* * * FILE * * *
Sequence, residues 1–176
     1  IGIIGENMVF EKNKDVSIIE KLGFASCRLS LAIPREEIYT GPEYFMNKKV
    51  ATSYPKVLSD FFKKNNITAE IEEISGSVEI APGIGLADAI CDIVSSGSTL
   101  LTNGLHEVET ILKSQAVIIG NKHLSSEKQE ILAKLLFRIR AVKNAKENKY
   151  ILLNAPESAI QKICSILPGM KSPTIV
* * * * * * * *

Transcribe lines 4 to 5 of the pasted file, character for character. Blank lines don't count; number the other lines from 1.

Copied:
   101  LTNGLHEVET ILKSQAVIIG NKHLSSEKQE ILAKLLFRIR AVKNAKENKY
   151  ILLNAPESAI QKICSILPGM KSPTIV